Cards from Canada - This past weekend's Signature Sundays post was brought to you by my longtime hobby buddy Douglas, who blogs at Sportscards from the Dollar Store. As I ind...
Wednesday, August 14, 2019
Helmar? What the Hell is Helmar?!?!
Helmar is a company from the Michigan area that, among other products like beer and potato chips, has produced high quality baseball art cards for well over a decade now. I don't know a whole lot about them just yet to be honest, but I do know that I'm intrigued by their very apparent appreciation of baseball history. That appreciation is certainly reflected in their "labor-of-love" approach to creating high quality baseball art, and cards.
These days they produce a few different custom sets at any given time. The approach is pretty unique, with each individual card painstakingly produced and released in a somewhat limited quantity. Every Tuesday night they run a series of eBay auctions for singles, and they have publicly vowed to produce and sell no more than 6 of each card per year. After a period of years sets are retired as well as new sets are moved into their product line, so for most of their cards there are no more than a couple/few dozen copies of each floating around out there. They're very hard to find, if you don't believe me open up another tab in your browser and go check eBay. See how many you can locate outside the few dozen that are auctioned direct by Helmar each Tuesday.
That's a story for another post and another day though. The way things started for Helmar on the baseball card front was with a small set, done in the style of the early tobacco releases, that was released back in 2005. These cards, referred to simply as the "Famous Athletes" series, would actually come in packs of three (see image above), inserted into bags of potato chips and caramel corn.
There is a certain amount of collector demand for the various Helmar cards, and you'd be amazed what some of the hand-crafted singles I mentioned go for each week. These 2005 minis aren't quite as sought after or valuable, but they're still rare compared to most modern baseball cards. I was lucky enough to work out a deal with an eBay seller for four unopened pack at a price point that worked out to about $6 per pack shipped. With three cards inside, I paid about $2 per individual card. Series 2, which was produced in much smaller quantities in response to collector demand after Series 1 and sold direct, is much rarer and single cards routinely sell in the $15-$20 range and up.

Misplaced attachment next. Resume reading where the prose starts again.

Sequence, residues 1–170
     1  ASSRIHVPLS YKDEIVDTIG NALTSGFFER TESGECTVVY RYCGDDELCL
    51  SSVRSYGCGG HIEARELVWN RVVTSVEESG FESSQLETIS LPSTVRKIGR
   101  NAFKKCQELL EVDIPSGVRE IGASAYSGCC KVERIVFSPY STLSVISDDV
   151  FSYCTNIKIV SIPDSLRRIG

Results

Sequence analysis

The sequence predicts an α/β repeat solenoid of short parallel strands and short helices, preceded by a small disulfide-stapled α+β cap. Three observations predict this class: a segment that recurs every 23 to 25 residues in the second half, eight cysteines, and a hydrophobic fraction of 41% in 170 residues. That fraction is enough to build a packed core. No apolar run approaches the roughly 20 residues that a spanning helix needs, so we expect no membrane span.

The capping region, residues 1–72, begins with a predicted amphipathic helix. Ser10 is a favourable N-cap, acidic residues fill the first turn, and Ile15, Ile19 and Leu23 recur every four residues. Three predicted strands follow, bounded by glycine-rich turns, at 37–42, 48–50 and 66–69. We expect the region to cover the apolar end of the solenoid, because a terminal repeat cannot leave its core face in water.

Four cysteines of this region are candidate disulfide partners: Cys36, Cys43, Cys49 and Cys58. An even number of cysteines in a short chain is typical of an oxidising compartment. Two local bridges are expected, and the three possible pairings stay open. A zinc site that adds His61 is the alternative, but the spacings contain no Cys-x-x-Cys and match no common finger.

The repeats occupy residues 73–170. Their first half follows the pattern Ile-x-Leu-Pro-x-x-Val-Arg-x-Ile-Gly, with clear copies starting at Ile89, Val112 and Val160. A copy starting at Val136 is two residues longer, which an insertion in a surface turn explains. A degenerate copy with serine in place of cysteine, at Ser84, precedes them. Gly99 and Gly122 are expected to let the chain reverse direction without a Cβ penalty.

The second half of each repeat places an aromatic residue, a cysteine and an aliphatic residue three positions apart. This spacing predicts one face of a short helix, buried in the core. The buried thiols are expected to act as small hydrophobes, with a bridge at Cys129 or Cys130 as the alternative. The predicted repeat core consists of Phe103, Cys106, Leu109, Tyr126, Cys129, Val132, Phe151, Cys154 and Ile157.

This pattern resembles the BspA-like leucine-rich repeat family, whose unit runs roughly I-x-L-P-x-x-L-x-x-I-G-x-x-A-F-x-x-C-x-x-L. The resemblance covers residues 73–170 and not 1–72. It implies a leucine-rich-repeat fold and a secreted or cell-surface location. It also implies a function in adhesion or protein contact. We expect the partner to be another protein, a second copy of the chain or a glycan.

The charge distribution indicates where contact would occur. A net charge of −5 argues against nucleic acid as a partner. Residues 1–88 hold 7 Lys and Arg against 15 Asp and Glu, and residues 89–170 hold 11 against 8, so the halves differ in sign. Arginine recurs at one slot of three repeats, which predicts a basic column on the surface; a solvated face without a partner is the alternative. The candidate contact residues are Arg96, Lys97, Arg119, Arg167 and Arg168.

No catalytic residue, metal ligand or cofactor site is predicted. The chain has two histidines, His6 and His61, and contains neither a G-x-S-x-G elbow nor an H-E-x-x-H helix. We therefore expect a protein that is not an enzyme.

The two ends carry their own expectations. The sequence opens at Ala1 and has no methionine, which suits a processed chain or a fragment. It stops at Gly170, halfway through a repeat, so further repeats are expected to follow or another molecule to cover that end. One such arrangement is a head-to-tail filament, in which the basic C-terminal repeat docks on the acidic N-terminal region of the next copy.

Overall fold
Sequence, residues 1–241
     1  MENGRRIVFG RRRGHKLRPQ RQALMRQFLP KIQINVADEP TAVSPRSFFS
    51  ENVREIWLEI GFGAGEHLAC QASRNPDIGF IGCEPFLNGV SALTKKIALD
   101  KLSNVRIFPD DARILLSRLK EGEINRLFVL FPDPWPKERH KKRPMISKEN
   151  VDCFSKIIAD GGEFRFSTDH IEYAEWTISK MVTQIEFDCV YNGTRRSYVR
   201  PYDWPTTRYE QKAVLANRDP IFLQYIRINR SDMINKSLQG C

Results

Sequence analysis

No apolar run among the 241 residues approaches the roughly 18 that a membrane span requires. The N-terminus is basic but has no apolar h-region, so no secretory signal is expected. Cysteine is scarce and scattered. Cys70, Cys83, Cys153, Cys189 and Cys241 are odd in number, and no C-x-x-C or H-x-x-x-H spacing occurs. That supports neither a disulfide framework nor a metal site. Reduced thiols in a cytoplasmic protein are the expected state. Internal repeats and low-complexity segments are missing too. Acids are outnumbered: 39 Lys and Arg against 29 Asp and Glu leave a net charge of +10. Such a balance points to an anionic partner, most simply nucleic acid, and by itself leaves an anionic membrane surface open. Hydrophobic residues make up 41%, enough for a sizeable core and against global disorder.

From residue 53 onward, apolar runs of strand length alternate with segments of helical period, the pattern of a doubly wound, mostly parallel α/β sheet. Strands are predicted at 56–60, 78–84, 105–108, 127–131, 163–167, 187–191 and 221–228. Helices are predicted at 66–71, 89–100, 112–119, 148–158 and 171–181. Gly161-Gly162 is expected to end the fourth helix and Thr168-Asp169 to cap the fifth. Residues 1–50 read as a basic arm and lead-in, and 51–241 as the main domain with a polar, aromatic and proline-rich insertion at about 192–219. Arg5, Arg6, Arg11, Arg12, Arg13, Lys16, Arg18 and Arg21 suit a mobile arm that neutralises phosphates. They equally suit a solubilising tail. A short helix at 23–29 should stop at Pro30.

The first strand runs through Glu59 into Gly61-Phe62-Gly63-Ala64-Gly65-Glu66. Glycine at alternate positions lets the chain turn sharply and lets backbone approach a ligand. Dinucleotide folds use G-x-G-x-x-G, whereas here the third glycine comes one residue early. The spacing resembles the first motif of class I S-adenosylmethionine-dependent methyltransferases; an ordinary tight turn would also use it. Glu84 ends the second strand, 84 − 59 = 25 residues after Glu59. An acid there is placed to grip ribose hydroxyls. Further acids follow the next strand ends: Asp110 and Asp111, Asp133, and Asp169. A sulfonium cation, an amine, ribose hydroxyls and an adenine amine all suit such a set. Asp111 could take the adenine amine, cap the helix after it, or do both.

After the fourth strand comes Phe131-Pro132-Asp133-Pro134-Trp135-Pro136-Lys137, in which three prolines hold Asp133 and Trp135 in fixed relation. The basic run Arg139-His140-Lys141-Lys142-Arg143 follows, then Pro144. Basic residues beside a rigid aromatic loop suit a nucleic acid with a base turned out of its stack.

Enough setting the stage here, let's rip the first pack and check these cards out!
In my research I read that they have three or four artists on staff, all local in Michigan except for one highly touted artist overseas. I am seriously impressed with the job that these folks did in creating these cards. As someone who loves really old-time baseball, I think they did an absolutely perfect job creating bright, vibrant artwork that looks right on point for the era these athletes appeared in. Sort of a T206 meets early 1950s Bowman in my humble opinion.
This is just my second card of Buck Weaver overall, member of the infamous "Black Sox" of 1919 (as evidenced by the "Expelled in Scandal" reference along the top of the card. I'll take this over pulling my 50th card of Christian Yelich or Chris Sale from a modern Topps pack!
While I prefer the baseball subjects, I think it's cool that they sprinkled in some other athletes, particularly since they seemed to seek out lesser known subjects from their region of the country. Is it weird that when I pull a card out of a modern baseball pack and don't recognize the subject I get annoyed, but when I pull a card of a really old subject I don't recognize I get excited by the "research opportunity"?
Well, with just a three card pack that wraps it up for this evening. I'm off to see what I can find out about Goto here; any leads?
I know that unlicensed cards like this aren't everyone's cup of tea, but what's your opinion on that kind of stuff (and on Helmar specifically if you have one)? Personally I'm fascinated by these, and even more so by some of Helmar's other, more recent sets. I find them to be exponentially more interesting than 95% of what's come out since I rejoined the hobby back in 2007, and I wish Topps would put half as much effort into some of their sets as this small company clearly does.
I welcome any opinions in the comments, and regardless of how you feel thanks for stopping by my little corner of the internet!